President Obama today said he has seen "no evidence" that U.S. national security was jeopardized in the unfolding scandal between disgraced former CIA director David Petraeus and his biographer, Paula Broadwell.
"I have no evidence at this point from what I've seen that classified information was disclosed that in any way would have had a negative impact on our national security," Obama told reporters at his first news conference since winning re-election.
Petraeus resigned last week after his affair with Broadwell became exposed. An FBI investigation into Broadwell has determined she was in possession of classified materials at her home and on her personal computer.
Obama, who nominated Petraeus to head the CIA in April 2011, first learned of the intelligence chief's indiscretion one week ago, the day after winning a second term. The two met privately at the White House Nov. 8, when Petraeus offered to resign. Obama accepted the resignation the next day.
The president today hailed Petraeus for an "extraordinary career" and for his leadership as a four-star Army general in Iraq, Afghanistan and at the helm of the CIA.
"From my perspective, at least, he's provided this country an extraordinary service," Obama said. "My main hope right now is that he and his family are able to move on and that this ends up being a single side note on what has otherwise been an extraordinary career."
Asked whether he should have been notified of the investigation into Petraeus' behavior much earlier, Obama said he believed the FBI had acted properly in following established protocols but was withholding final judgment until an investigation is complete.
"I am withholding judgment with respect to how the entire process surrounding General Petraeus came up," Obama said. "We don't have all the information yet.
"One of the challenges here is that we're not supposed to meddle in criminal investigations, and that's been our practice," he added.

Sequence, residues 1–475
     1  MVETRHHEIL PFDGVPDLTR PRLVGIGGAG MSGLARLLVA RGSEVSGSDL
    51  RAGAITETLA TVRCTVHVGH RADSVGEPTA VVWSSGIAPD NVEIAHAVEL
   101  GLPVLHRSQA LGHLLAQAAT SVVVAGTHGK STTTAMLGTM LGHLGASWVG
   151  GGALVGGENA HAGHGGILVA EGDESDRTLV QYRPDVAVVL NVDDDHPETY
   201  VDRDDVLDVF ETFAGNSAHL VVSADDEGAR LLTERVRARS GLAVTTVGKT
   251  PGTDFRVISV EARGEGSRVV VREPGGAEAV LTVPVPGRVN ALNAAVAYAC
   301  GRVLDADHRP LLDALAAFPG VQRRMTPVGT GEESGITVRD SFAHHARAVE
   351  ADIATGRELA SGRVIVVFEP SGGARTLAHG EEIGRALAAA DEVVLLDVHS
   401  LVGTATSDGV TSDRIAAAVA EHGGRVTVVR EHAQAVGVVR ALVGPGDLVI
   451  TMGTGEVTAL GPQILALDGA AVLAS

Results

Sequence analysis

Obama was also pressed on growing calls from Republican lawmakers for a "Watergate-style" investigation into the deadly Sept. 11 terrorist attacks in Benghazi and the administration's response.
"It is important for us to find out exactly what happened in Benghazi," he said, "and I'm happy to cooperate in any ways that Congress wants."
But Obama dismissed criticism of United Nations Ambassador Susan Rice, who wrongly stated in television interviews in the immediate aftermath of the attack that it was the result of spontaneous protests over an anti-Islam film.
"She made an appearance at the request of the White House in which she gave her best understanding of the intelligence that had been provided to her," he said. "If Senator McCain and Senator Graham and others want to go after somebody, they should go after me."
Rice is considered a frontrunner to replace departing Secretary of State Hillary Clinton, although some Republicans have signaled they would oppose her nomination because of her role in the Benghazi incident.
"For them to go after the U.N. ambassador, who had nothing to do with Benghazi and was simply making a presentation based on intelligence that she had received and to besmirch her reputation is outrageous," Obama said.